And yes, I was referring in my earlier post to Google Analytics showing you keywords that brought you traffic from other search engines.



#11 Jill

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Posted 02 October 2013 - 12:57 PM

 

When I ignore all the experts and systems and just carry on with what I'm doing, don't think about keywords or optimizing or marketing...things seem to work out much better

 

 

 

Congratulations. You have become SEO enlightened! :wizard:

 

:clapping:  :yahoo:  :theswim:  



#12 copywriter

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Posted 02 October 2013 - 01:12 PM

Even Webmaster Tools isn't all that accurate.  It says I rank on average at position 3.6 or the keyword "marketing."  Not!

 


When someone starts talking about rankings, it raises a red flag for me. When I see people teaching others how to get great rankings for a page on their site, I shake my head.

 

It irritates me that there are all these marketers out there making (apparently) tons of money teaching people bogus stuff.

 

It shouldn't raise a red flag for you.  It is possible to raise your rank.  Jill teaches people how to get good rankings. She has a Lynda.com course that teaches SEO. She does corporate training on the subject all the time.  I teach people how to optimize their copy so they can get better rankings.  I've got courses. I do corporate training.

 

It's the person and material that should be questioned.  Not whether people can be taught to raise their search engine rankings. 



#13 Jill

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Posted 02 October 2013 - 04:20 PM

 

 Jill teaches people how to get good rankings. 

 

 

 

 

I don't actually. I teach people how to make their websites be the best they can be for their users and the search engines. 



#14 chrishirst

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Posted 03 October 2013 - 07:38 AM

The upshot is .... Ranking for the right words or phrases IS important, .....

 

 

 

 

.... It is the CHECKING for those rankings that is useless.

 

If your URLs get referrals from Search, .... They ARE getting 'ranked' and shown to users and THAT is all you need to look at.

 

If you are not getting search referrals, then you need to improve things.

 

Chasing and checking rankings for "my most important key words" YOU are limiting your chances of gaining conversions from Search.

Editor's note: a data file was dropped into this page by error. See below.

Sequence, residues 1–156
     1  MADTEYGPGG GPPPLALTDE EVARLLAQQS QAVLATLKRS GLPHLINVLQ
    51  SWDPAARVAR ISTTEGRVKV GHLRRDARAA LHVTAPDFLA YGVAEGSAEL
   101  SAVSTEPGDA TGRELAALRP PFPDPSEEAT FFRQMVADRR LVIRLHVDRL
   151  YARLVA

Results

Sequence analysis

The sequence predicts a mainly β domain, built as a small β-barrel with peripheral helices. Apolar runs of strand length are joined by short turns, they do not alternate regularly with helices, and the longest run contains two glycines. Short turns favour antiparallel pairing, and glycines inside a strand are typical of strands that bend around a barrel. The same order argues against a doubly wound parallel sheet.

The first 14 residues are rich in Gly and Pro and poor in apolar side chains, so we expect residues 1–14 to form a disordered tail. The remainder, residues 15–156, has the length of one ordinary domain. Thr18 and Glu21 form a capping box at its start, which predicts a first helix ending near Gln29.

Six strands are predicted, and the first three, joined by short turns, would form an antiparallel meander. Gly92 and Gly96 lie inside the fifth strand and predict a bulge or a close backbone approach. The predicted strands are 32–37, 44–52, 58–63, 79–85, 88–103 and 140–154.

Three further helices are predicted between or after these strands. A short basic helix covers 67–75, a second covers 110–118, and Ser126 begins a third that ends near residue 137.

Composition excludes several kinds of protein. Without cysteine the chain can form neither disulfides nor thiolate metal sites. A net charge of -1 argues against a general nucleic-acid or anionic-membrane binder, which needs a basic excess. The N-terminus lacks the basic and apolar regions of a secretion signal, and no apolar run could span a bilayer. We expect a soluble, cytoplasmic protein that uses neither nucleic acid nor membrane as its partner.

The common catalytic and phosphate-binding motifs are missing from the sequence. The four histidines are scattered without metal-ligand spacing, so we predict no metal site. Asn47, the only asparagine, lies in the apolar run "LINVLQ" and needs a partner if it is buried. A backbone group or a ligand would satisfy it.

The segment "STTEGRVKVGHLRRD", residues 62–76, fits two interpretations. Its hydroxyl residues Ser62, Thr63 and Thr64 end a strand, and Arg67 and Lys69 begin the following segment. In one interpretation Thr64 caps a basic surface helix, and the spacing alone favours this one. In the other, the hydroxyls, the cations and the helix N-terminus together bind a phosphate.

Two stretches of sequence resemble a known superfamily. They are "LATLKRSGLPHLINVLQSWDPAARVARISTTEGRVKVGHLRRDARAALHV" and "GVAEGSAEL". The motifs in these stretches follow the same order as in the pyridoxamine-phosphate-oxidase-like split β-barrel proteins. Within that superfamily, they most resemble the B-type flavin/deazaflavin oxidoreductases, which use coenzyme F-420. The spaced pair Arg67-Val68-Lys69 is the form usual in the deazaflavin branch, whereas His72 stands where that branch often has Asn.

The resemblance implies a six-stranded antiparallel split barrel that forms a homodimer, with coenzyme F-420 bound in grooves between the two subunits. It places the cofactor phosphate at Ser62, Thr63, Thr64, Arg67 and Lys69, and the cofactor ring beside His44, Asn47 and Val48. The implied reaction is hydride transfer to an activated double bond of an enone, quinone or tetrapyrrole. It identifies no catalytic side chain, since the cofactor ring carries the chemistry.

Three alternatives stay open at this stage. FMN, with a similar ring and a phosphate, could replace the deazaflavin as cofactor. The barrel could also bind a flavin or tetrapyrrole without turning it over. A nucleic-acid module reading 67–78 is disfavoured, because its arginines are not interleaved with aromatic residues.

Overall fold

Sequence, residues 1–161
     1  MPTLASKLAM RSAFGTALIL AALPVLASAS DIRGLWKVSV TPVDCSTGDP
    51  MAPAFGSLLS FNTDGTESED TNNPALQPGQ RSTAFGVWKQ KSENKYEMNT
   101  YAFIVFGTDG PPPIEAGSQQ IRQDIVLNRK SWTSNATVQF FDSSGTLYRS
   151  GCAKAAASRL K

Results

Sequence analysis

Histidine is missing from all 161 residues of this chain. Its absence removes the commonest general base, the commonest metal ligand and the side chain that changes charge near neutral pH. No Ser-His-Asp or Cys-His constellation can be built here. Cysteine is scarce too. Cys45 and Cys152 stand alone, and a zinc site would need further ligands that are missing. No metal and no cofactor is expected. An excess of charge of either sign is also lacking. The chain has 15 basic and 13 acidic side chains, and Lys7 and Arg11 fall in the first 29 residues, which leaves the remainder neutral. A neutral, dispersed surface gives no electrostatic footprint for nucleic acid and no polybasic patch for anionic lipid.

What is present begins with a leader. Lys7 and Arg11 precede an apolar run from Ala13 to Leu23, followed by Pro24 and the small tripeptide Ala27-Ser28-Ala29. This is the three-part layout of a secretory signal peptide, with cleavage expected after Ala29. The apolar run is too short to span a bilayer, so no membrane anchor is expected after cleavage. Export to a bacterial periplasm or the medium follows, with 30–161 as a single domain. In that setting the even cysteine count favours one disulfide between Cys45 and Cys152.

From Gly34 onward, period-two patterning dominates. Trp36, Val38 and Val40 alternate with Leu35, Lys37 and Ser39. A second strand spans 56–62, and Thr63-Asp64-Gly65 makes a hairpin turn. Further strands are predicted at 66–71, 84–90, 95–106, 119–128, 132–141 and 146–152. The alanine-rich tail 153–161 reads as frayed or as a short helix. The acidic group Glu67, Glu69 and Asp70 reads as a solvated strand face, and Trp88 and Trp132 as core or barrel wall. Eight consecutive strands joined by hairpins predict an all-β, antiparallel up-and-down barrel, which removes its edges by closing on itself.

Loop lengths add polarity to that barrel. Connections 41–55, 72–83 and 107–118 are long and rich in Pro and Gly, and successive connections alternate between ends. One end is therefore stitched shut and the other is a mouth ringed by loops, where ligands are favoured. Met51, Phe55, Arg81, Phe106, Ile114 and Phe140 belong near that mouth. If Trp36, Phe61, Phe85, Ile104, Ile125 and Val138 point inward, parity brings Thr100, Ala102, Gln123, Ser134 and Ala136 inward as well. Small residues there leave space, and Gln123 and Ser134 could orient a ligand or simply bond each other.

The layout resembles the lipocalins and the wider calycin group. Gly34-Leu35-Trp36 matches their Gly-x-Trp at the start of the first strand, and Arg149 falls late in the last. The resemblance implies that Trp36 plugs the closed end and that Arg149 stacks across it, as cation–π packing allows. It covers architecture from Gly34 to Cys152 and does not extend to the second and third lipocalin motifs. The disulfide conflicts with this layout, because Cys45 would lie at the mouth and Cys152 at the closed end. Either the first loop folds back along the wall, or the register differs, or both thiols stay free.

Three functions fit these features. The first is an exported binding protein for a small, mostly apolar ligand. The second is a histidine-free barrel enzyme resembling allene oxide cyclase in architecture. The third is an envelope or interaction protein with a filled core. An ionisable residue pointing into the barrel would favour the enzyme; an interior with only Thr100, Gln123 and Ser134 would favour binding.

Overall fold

#15 squidjam

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Posted 03 October 2013 - 12:20 PM

 

Congratulations. You have become SEO enlightened! :wizard:

 

:clapping:  :yahoo:  :theswim:  

 

Woo hoo!  :)

 

 

You can look in Webmaster Tools under Search Traffic > Search Queries and see (if Google is to believed when they tell us they aren't going to take this data away) not just which keywords sent you traffic, but how often your pages appeared for those queries, how many times they were clicked, the resulting clickthrough rate, and the (sort of) average ranking at which they appeared, and you can compare those figures over time to see if an improvement in average ranking led to an improvement in clickthrough rate.

 

And yes, I was referring in my earlier post to Google Analytics showing you keywords that brought you traffic from other search engines.

 

I understand your first point qwerty and I have been doing that. But I also get the feeling that you need to take these numbers with a grain of salt. You can see trends, however.

 

On the other point, let me see if I have this straight:

1. If I look at Traffic Sources - Overview in GA, and look at keywords, in the number one spot, I see "not provided" accounts for 54.48% of my traffic. Is everything reported as "not provided" all searches done in Google?

 

Then in the second position, I see an actual keyword, (the next highest source of traffic) which brings 11.19% of traffic. Is this keyword from all searches other than Google?

 

2. If I then look at Traffic Sources - All Traffic, I can see the percent of traffic that came from search engines, facebook, etc. (I know that's not a question)  lol

 

 

Even Webmaster Tools isn't all that accurate.  It says I rank on average at position 3.6 or the keyword "marketing."  Not!